[box]News Source : https://www.dnaindia.com/mumbai/report-in-a-first-bandra-slum-gets-bio-toilets-1922911[/box]
Eco-friendly processing of excreta prevents waste from seeping into earth.
Sameer Salvi and his family had been living miserably due to the lack of adequate sanitation facilities in Bharat Nagar slums adjoining the Bandra-Kurla Complex. Hundreds of people like the Salvis defecate in the open due to lack of toilets in their area. But this is set to change with the installation of the first bio-toilet facility in the city.
“Eight eco-friendly toilets have been installed in the Valmiki Nagar area of Bharat Nagar slums.
These toilets can be used by three hundred persons in a day,” said Naveed Pasha, programme head, Wockhardt Foundation, Mumbai, which has initiated the plan.
The eco-friendly toilets consist of a shelter and an adjunct water closet which is connected to a bio-digester. “The bio-digester with holding capacity of 8,000 litres has been placed underground instead of a septic tank for collection of excreta. It consists of force-reinforce plastic material and is filled up with anaerobic bacteria ‘inoculum’ to one-third level. The bacteria has been sourced from Antarctica and has a shelf-life of fifty years,” Pasha told dna.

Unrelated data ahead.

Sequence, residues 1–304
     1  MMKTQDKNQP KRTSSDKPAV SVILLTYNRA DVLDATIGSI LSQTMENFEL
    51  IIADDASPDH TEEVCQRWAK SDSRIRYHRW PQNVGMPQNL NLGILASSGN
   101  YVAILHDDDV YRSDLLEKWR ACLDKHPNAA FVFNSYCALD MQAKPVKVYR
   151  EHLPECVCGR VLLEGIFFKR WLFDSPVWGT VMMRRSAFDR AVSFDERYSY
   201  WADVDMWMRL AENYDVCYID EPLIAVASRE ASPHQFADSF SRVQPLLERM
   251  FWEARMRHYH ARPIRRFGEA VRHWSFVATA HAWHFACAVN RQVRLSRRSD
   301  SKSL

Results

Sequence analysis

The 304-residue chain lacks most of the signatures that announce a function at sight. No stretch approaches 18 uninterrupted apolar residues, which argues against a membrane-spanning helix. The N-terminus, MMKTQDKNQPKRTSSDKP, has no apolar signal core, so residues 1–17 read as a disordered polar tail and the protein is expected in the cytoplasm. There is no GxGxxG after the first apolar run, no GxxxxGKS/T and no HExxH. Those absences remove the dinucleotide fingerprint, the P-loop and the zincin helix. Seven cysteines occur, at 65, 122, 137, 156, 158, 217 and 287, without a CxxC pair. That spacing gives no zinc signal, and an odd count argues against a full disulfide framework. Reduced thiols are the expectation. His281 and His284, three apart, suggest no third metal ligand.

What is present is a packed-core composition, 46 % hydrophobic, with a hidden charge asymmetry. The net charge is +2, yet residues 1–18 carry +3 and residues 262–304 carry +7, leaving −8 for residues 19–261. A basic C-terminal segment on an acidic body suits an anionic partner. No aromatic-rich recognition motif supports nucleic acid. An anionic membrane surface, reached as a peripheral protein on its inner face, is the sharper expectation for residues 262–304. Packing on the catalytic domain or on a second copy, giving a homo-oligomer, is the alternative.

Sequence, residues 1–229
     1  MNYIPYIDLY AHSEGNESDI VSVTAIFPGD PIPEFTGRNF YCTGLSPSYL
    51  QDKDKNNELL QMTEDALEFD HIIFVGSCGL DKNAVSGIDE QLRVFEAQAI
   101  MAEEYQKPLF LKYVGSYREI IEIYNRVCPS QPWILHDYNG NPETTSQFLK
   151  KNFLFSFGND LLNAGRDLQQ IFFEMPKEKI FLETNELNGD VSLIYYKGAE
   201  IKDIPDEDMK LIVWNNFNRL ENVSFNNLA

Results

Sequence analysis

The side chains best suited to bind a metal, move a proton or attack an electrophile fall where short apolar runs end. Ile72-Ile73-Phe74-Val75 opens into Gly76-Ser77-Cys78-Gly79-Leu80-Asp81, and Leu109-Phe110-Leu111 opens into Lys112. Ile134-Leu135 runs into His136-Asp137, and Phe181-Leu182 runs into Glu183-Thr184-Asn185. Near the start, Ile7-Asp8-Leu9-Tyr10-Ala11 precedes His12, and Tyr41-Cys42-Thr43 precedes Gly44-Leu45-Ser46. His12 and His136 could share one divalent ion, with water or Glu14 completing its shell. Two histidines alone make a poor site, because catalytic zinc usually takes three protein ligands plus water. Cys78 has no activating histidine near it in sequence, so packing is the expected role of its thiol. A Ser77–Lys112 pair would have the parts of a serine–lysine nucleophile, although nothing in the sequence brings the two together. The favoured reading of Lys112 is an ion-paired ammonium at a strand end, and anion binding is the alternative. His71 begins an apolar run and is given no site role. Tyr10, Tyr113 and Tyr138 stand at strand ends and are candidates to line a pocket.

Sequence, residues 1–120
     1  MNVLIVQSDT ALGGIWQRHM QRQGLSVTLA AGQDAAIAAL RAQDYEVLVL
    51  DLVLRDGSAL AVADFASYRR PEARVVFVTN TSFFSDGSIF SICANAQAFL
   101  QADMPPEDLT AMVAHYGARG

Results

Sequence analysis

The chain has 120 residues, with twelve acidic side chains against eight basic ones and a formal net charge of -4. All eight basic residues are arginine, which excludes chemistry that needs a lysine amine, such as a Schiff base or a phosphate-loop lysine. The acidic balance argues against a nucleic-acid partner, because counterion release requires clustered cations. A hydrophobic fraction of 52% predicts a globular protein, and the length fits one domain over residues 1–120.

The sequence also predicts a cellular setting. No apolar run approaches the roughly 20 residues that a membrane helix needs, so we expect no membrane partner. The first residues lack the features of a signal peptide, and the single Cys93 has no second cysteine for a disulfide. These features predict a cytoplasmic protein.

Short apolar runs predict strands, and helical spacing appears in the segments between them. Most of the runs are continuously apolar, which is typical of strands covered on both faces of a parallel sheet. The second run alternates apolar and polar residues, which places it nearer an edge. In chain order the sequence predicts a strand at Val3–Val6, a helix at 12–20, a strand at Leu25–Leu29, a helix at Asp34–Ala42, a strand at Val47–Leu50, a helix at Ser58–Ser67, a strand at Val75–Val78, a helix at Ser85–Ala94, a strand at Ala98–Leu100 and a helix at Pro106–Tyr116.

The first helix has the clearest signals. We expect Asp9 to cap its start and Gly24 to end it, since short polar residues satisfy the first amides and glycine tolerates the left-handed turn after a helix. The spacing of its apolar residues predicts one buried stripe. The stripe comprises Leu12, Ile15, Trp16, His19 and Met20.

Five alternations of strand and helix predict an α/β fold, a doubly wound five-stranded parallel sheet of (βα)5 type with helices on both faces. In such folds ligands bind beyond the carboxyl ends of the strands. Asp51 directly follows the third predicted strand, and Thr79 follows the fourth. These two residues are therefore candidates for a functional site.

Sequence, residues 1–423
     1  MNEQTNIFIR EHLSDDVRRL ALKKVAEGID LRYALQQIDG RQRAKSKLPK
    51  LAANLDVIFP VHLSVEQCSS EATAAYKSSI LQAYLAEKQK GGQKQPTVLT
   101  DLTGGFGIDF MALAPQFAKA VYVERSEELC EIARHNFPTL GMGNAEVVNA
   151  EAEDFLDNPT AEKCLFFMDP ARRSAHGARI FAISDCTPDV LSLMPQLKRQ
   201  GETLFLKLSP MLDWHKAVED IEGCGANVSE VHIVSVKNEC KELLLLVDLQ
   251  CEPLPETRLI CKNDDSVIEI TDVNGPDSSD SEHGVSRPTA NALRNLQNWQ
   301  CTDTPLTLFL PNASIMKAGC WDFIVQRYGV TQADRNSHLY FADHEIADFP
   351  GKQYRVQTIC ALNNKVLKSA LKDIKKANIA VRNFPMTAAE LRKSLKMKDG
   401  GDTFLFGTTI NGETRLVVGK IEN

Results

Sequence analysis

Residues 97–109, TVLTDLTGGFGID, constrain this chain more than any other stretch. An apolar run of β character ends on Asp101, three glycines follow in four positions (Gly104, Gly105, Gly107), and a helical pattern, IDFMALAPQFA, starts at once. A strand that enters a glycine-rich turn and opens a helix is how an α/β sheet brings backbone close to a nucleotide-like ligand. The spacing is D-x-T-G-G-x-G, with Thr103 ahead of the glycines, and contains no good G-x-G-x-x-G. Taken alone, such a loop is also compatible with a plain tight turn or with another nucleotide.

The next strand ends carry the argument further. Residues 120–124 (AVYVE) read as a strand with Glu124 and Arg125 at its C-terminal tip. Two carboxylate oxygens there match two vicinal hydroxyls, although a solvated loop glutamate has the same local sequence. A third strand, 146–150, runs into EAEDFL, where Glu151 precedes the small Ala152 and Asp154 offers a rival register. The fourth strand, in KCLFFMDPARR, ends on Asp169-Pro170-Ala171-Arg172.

The processing of excreta involves breaking down of solid waste by the bacteria into biogas and water. Eco-friendly processing of the excreta prevents the waste from seeping into earth and contaminating ground water. “Ground water contamination by excreta has led to outbreak of diseases in slums time and again. Eco-friendly toilets will help in leading healthier lives,” said Pasha.
The eco-friendly toilet model has been invented by Government of India’s Defence Research and Development Organization (DRDO). “We have sought a transfer of technology certification from DRDO to construct sanitation facilities across India. In Mumbai, we are in talks with corporates to fund building five more set-ups of this kind,” informed Pasha.
Bharat Nagar has a population of over 25,000 and 50 toilet shelters. Politicians have stated that this initiative is unique as they are not allowed to construct new toilets using the corporator’s funds. “Close to Rs20 lakh is allotted every year to repair old toilets, but we are not allowed to construct new ones. This eco-friendly initiative is on a pilot basis and we have zeroed in on two more locations in Bharat Nagar where we intend to expand the plan,” said Ilyas Bashir, an independent corporator.
60% of Indian population defecates in the open
2.4 mIndian children die of diarrhoea, caused by open defecation anually
Rs12 bl The Centre spends on rectifying ailments resulting from improper sanitation, including viral gastroenteritis, typhoid, cholera, jaundice, diarrhoea, viral hepatitis, malaria and chicken gunya.
How does a bio-toilet model work?
Excretory material enters the bio-digester tank from the toilet. The bacterial inoculum contained in the tank completely decomposes the excretory material to water and biogas.